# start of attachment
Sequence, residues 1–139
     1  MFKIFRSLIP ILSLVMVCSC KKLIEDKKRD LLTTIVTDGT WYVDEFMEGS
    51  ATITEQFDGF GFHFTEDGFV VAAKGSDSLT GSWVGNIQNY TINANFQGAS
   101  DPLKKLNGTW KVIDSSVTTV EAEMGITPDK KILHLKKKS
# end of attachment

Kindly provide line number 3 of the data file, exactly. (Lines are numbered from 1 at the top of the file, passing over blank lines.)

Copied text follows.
    51  ATITEQFDGF GFHFTEDGFV VAAKGSDSLT GSWVGNIQNY TINANFQGAS